Patone History, Family Crest & Coats of Arms

The name Patone came to England with the ancestors of the Patone family in the Norman Conquest of 1066. The Patone family lived in Essex. The name, however, is a reference to Patin, Normandy, the family's place of residence prior to the Norman Conquest of England in 1066.

Early Origins of the Patone family

The surname Patone was first found in Essex, where Richard Patten, son and heir of Richard Patten was of Patine, or Patten, near Chelmsford in 1119. [1] The Pattens of Bank Hill, county Lancaster claim lineal descent from this family. [2] Later some of the family became well established at Wainfleet in Lincolnshire. "A free grammar school was founded in 1424, by William Patten, generally known as William of Waynflete, Bishop of Winchester, lord high chancellor of England in the reign of Henry VI., and founder of Magdalen College, Oxford." [3]

Early History of the Patone family

This web page shows only a small excerpt of our Patone research. Another 143 words (10 lines of text) covering the years 1376, 1398, 1486, 1447, 1486, 1456, 1460, 1486, 1395, 1486, 1548, 1580, 1536, 1666, 1630, 1635, 1714 and 1790 are included under the topic Early Patone History in all our PDF Extended History products and printed products wherever possible.

Patone Spelling Variations

Multitudes of spelling variations are a hallmark of Anglo Norman names. Most of these names evolved in the 11th and 12th century, in the time after the Normans introduced their own Norman French language into a country where Old and Middle English had no spelling rules and the languages of the court were French and Latin. To make matters worse, medieval scribes spelled words according to sound, so names frequently appeared differently in the various documents in which they were recorded. The name was spelled Patten, Paten and others.

Early Notables of the Patone family (pre 1700)

Outstanding amongst the family at this time was William Paten or Pattyn (d. 1486), Bishop of Winchester. His son, William of Wainfleet (1395-1486) was Bishop of Winchester, Lord Chancellor of England, and founder of Magdalen College, Oxford. William Patten (fl. 1548-1580) was historian and teller of the exchequer, was eldest son and third child of Richard Patten (d. 1536), a clothworker of London. His father was a son of Richard Patten of Boslow, Derbyshire...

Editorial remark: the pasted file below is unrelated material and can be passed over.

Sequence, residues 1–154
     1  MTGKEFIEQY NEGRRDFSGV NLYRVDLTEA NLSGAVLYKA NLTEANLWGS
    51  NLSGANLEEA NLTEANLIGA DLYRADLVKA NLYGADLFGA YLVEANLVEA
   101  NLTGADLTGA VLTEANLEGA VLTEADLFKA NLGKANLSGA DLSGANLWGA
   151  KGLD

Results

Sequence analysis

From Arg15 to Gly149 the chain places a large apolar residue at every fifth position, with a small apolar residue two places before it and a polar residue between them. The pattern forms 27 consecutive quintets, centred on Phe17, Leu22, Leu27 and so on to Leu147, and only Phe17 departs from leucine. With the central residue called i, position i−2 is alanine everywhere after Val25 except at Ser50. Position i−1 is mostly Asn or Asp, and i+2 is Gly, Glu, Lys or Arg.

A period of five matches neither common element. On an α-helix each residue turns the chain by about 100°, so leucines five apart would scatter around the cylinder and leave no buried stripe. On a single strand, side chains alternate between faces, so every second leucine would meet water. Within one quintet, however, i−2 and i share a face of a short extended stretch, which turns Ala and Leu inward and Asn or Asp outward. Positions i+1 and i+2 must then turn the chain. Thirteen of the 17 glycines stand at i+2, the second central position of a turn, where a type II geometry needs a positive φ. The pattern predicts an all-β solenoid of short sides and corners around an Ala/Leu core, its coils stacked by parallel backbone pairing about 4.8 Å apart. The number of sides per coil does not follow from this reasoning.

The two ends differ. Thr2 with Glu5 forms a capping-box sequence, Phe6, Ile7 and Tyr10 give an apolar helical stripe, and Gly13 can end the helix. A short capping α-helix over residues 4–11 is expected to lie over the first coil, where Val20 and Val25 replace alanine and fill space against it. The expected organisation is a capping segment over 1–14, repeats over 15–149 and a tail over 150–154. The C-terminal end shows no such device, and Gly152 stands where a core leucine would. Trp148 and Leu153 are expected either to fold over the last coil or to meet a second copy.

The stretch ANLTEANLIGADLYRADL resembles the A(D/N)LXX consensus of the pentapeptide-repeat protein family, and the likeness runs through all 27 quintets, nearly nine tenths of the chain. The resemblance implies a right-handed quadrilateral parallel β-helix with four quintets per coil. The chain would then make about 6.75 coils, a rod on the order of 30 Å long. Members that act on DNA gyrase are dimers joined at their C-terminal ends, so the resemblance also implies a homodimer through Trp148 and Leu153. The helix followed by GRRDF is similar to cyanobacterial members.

Another 73 words (5 lines of text) are included under the topic Early Patone Notables in all our PDF Extended History products and printed products wherever possible.

Migration of the Patone family

Because of this political and religious unrest within English society, many people decided to immigrate to the colonies. Families left for Ireland, North America, and Australia in enormous numbers, traveling at high cost in extremely inhospitable conditions. The New World in particular was a desirable destination, but the long voyage caused many to arrive sick and starving. Those who made it, though, were welcomed by opportunities far greater than they had known at home in England. Many of these families went on to make important contributions to the emerging nations of Canada and the United States. Analysis of immigration records indicates that some of the first North American immigrants bore the name Patone or a variant listed above: William Patten, who settled in Cambridge Mass in 1630; Richard Patten, who arrived in Barbados in 1654; James Patten, who came to Barbados in 1685; Captain Patten, who arrived at Boston in 1768.

The Patone Motto +

The motto was originally a war cry or slogan. Mottoes first began to be shown with arms in the 14th and 15th centuries, but were not in general use until the 17th century. Thus the oldest coats of arms generally do not include a motto. Mottoes seldom form part of the grant of arms: Under most heraldic authorities, a motto is an optional component of the coat of arms, and can be added to or changed at will; many families have chosen not to display a motto.

Motto: Nulla pallescere culpa
Motto Translation: To turn pale from no crime.

  1. ^ Bardsley, C.W, A Dictionary of English and Welsh Surnames: With Special American Instances. Wiltshire: Heraldry Today, 1901. Print. (ISBN 0-900455-44-6)
  2. ^ Lower, Mark Anthony, Patronymica Britannica, A Dictionary of Family Names of the United Kingdom. London: John Russel Smith, 1860. Print.
  3. ^ Lewis, Samuel, A Topographical Dictionary of England. Institute of Historical Research, 1848, Print. on Facebook